Endgame: Oilers 2, Penguins 1 (SO)
Monday, 10.10.2011 / 12:37 AM / Features
By Michelle Crechiolo
Pens-Oilers In-Game Blog
Penguins vs. Oilers Scouting Report
Everything you need to know from the Penguins' 2-1 shootout loss to Edmonton:
Defenseman Kris Letang put forth yet another impressive effort for the Penguins on Sunday, scoring his team’s only goal in their 2-1 shootout loss to Edmonton. Letang now has five points (1G-4A) through three games, tying him for the league lead.
The 24-year-old shouldered a monster workload despite playing the night before in Calgary and didn’t seem any worse for wear, skating a team-leading 29:16 minutes – almost six more than the next-highest total.
It looked like he never left the ice during the overtime period, and he hardly did – playing just over three out of five minutes. Letang showcased his speed and slick hands during the extra session, having a bit more space (overtime rules dictate the teams skate 4-on-4) to jump up and lead rushes.
“I think this was his strongest game,” head coach Dan Bylsma said. “He was the one guy who maybe had a lot of energy – bursts of energy – late in the game there in overtime. He looked like he could end it a couple times in breaks that he got in there and second chances. He was strong.”
Letang looked more confident than ever manning the center point on Pittsburgh’s first power-play unit, which has now scored at least one goal in each of the Penguins’ first three regular-season games. He finished with six shots on goal and had two more attempts blocked.
STANDING ON HIS HEAD
The Oilers’ roster – especially their forward lineup – is filled with first-round draft picks galore, meaning they have plenty of dynamic young talent. But Penguins goalie Brent Johnson – who made his season debut in the Penguins’ second game in as many days – did everything he could to cool off Edmonton's offense by turning in a superb effort between the pipes.
Although the Oilers scored late in the third to force overtime and the shootout, Johnson kept his team in the game and helped them earn a point with his outstanding play – turning aside 34 shots on the night, especially as Edmonton pushed hard in the final frame.
“Johnny was great. He came up with big saves at crucial points in the third period when we needed them," forward James Neal said. "Ever since I’ve been here he’s come in and done a great job when he’s gotten the chance.”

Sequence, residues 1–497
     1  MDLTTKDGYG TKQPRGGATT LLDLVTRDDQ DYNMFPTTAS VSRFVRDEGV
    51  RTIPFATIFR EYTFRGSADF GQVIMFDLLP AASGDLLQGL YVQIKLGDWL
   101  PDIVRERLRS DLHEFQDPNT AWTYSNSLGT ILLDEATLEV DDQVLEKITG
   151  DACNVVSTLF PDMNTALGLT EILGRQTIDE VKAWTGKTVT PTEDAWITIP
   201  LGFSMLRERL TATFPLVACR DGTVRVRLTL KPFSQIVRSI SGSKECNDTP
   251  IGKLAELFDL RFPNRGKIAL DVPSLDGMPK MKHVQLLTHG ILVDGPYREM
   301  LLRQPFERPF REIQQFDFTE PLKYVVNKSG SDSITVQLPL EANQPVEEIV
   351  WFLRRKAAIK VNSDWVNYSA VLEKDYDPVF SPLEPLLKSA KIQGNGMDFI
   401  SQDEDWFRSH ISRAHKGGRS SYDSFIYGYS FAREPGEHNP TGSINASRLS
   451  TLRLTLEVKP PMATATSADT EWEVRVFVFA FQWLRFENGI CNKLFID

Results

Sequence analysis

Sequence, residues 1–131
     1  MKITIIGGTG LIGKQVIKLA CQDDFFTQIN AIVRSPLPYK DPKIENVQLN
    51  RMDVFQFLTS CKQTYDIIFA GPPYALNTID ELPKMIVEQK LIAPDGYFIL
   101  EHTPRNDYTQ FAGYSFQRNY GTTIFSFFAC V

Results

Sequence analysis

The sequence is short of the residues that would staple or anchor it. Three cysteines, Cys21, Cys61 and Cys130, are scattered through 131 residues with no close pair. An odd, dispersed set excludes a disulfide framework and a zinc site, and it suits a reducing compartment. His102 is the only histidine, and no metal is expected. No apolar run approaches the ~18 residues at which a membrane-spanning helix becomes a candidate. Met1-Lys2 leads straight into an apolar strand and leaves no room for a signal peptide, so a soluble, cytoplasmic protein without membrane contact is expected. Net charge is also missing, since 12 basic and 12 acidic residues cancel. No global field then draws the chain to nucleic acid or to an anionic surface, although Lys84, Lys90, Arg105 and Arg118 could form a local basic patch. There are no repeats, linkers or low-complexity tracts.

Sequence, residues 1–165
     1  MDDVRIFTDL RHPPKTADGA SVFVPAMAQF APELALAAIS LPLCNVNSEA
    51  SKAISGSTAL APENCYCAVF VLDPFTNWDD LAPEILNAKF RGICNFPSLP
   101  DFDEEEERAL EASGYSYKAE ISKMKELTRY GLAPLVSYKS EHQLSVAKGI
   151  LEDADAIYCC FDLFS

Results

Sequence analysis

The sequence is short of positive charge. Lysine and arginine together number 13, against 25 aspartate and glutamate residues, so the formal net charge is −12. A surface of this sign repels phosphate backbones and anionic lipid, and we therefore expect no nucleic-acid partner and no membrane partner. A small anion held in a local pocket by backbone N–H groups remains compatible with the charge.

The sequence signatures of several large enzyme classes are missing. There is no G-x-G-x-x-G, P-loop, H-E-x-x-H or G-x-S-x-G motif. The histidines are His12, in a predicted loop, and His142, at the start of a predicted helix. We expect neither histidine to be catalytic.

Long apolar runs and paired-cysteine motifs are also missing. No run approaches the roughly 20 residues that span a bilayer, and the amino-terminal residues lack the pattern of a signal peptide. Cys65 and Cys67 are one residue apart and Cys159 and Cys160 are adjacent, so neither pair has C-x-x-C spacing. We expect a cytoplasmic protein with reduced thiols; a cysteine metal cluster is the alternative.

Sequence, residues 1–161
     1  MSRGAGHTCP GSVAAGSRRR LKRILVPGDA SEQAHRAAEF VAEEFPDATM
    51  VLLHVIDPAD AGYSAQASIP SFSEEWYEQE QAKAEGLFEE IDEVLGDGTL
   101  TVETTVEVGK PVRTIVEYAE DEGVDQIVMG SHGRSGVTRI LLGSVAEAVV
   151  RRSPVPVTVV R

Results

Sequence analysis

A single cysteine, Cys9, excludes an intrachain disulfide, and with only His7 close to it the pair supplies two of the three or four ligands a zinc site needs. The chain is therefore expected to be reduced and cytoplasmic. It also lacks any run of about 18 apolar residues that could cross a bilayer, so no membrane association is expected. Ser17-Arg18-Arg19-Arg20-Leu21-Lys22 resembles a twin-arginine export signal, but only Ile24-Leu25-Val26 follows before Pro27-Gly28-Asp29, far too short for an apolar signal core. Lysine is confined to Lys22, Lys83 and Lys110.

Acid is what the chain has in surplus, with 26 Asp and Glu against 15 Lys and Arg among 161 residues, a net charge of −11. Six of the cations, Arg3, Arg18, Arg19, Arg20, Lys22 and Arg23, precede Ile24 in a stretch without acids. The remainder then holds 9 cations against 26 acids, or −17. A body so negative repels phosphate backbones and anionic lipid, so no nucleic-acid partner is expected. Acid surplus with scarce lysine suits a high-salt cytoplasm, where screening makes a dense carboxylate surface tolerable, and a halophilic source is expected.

The Penguins like to say their goalie has to be their best penalty killer, and Johnson certainly was – standing tall through five Oilers power plays which produced plenty of quality scoring chances.
“Johnny played really well,” Letang said. “He was pretty solid tonight.”
But although Johnson stood on his head, he deflected all the praise to his teammates.
“I felt fine. I felt good right from the go. The guys played great in front of me,” he said. “Basically, I saw every shot. When the guys play like that in front of you, they make it easier on the goalie to make the saves.”
MANUEVERING WITHOUT MALKIN
Penguins center Evgeni Malkin sat out Sunday’s game with what Bylsma deemed a lower-body injury, saying it was not related to the knee surgery he underwent in February to repair torn ligaments. Arron Asham was also scratched for the contest along with defenseman Brooks Orpik.
That meant Steve MacIntyre and Richard Park made their season debuts, skating on the fourth line with Craig Adams. Mark Letestu assumed Malkin’s spot between Steve Sullivan and James Neal on the first line, while Joe Vitale centered Matt Cooke and Pascal Dupuis and the Chris Kunitz-Jordan Staal-Tyler Kennedy line remained the same.
“I don’t have an update for you,” Bylsma said after the game, adding that Malkin could be ready for the Penguins' home opener on Tuesday. “Just a lower-body injury. Don’t think it’s a long term (injury).”
The Penguins had three players who performed well in the faceoff dot on Sunday – Letestu, Park and Vitale.
Vitale won 10-of-15 for a 67-percent success rate, Letestu won 11-of-17 for a 61-percent success rate and Park won 7-of-12 draws, which equals 58 percent.
Author: Michelle Crechiolo